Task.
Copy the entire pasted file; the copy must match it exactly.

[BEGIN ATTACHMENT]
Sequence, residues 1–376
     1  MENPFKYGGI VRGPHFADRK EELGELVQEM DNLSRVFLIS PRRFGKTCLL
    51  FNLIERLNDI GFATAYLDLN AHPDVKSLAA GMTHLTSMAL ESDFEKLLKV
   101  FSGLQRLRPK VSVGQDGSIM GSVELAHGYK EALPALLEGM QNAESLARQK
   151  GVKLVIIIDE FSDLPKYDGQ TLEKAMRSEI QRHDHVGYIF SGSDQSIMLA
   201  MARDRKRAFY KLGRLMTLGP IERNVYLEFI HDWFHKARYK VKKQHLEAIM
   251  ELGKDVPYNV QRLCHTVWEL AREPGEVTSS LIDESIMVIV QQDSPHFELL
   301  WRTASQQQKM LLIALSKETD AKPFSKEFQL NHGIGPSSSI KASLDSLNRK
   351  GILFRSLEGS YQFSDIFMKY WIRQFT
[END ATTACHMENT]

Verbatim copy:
Sequence, residues 1–376
     1  MENPFKYGGI VRGPHFADRK EELGELVQEM DNLSRVFLIS PRRFGKTCLL
    51  FNLIERLNDI GFATAYLDLN AHPDVKSLAA GMTHLTSMAL ESDFEKLLKV
   101  FSGLQRLRPK VSVGQDGSIM GSVELAHGYK EALPALLEGM QNAESLARQK
   151  GVKLVIIIDE FSDLPKYDGQ TLEKAMRSEI QRHDHVGYIF SGSDQSIMLA
   201  MARDRKRAFY KLGRLMTLGP IERNVYLEFI HDWFHKARYK VKKQHLEAIM
   251  ELGKDVPYNV QRLCHTVWEL AREPGEVTSS LIDESIMVIV QQDSPHFELL
   301  WRTASQQQKM LLIALSKETD AKPFSKEFQL NHGIGPSSSI KASLDSLNRK
   351  GILFRSLEGS YQFSDIFMKY WIRQFT